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The State of Positive Train Control Implementation in the United States





Before the

House Committee on Transportation and Infrastructure

Subcommittee on Railroads, Pipelines, and Hazardous Materials

United States House of Representatives

“The State of Positive Train Control Implementation in the United States”

September 13, 2018

Chairman Denham, Ranking Member Capuano, and Members of the Subcommittee:

Thank you for the opportunity to testify today to discuss positive train control (PTC). I come to my position as Administrator of the Federal Railroad Administration (FRA) with 45 years of experience in the railroad industry, rising to become the President and Chief Operating Officer of a significant freight rail carrier in the United States. Throughout my career, I have been focused on continually improving safety performance, and I bring this same commitment to my current position as Administrator of the FRA.

As we approach critical deadlines for railroads’ implementation of PTC systems, myself, and the men and women that serve at FRA remain committed to working with the railroads and its supply industry to ensure the full implementation of this important rail-safety technology in a timely manner.

  1. PTC Mandate

Railroads’ implementation of PTC systems has been, and remains, at the top of our agenda. PTC systems represent the most fundamental change in rail safety technology since the introduction of Automatic Train Control in the 1920s. As mandated by the Rail Safety Improvement Act of 2008 (RSIA), each Class I railroad and entity providing regularly scheduled intercity or commuter rail passenger service must implement an FRA-certified PTC system on (1) its main lines over which 5 million or more gross tons of annual traffic are transported if the main line carries poison- or toxic-by-inhalation hazardous materials, and (2) its main lines over which intercity or commuter rail passenger transportation is regularly provided. Under RSIA, railroads were originally required to complete implementation by December 31, 2015. Approximately two months before that deadline, the House and Senate overwhelmingly passed, and the President signed, the Positive Train Control Enforcement and Implementation Act of 2015 (PTCEI Act), extending the deadline for full PTC system implementation to December 31, 2018.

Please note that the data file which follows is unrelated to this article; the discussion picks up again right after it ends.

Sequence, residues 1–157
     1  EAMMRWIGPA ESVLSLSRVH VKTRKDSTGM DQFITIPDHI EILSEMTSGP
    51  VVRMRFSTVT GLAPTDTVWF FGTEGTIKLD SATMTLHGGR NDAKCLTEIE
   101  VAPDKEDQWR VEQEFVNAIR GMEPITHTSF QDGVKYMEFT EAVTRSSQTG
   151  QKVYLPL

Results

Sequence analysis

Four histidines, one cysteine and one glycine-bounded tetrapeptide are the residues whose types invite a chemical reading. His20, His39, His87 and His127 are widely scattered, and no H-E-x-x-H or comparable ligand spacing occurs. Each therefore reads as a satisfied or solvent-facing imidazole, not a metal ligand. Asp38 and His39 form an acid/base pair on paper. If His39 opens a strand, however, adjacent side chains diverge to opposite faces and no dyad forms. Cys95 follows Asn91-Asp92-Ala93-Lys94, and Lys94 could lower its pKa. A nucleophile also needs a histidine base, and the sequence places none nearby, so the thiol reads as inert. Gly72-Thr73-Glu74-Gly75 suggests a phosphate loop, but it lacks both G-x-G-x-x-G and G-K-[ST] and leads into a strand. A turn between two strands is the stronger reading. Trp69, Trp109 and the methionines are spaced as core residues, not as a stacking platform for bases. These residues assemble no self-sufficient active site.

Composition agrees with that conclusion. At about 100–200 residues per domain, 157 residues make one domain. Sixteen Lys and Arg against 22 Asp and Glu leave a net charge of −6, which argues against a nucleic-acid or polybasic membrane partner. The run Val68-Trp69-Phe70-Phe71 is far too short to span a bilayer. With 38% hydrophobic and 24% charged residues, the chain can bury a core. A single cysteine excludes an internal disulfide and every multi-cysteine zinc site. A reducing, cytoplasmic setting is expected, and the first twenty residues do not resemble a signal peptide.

In addition, under the PTCEI Act, Congress permits a railroad to request FRA’s approval of an “alternative schedule” with a deadline extending beyond December 31, 2018, but no later than December 31, 2020, for full PTC system implementation. The law requires FRA to approve a railroad’s alternative schedule with a deadline that is as soon as practicable, but not later than December 31, 2020, if a railroad submits a written request to FRA that demonstrates it has met the statutory criteria to qualify for such an alternative schedule. Currently, 41 railroads are required by statute to implement PTC systems: all 7 Class I freight railroads; 30 commuter and intercity passenger railroads, including the National Railroad Passenger Corporation (Amtrak); and 4 short line and terminal railroads. The technology is required to be implemented on approximately 58,000 route miles of the 140,000-mile railroad network.

While railroads are making progress, FRA expects that most railroads will need to request an alternative schedule to complete testing, obtain PTC System Certification, meet the statutory interoperability requirements, and fully implement PTC systems on all main lines required to be governed by PTC systems. FRA continues to take a proactive approach to help railroads acquire, install, test, and fully implement certified PTC systems as soon as possible.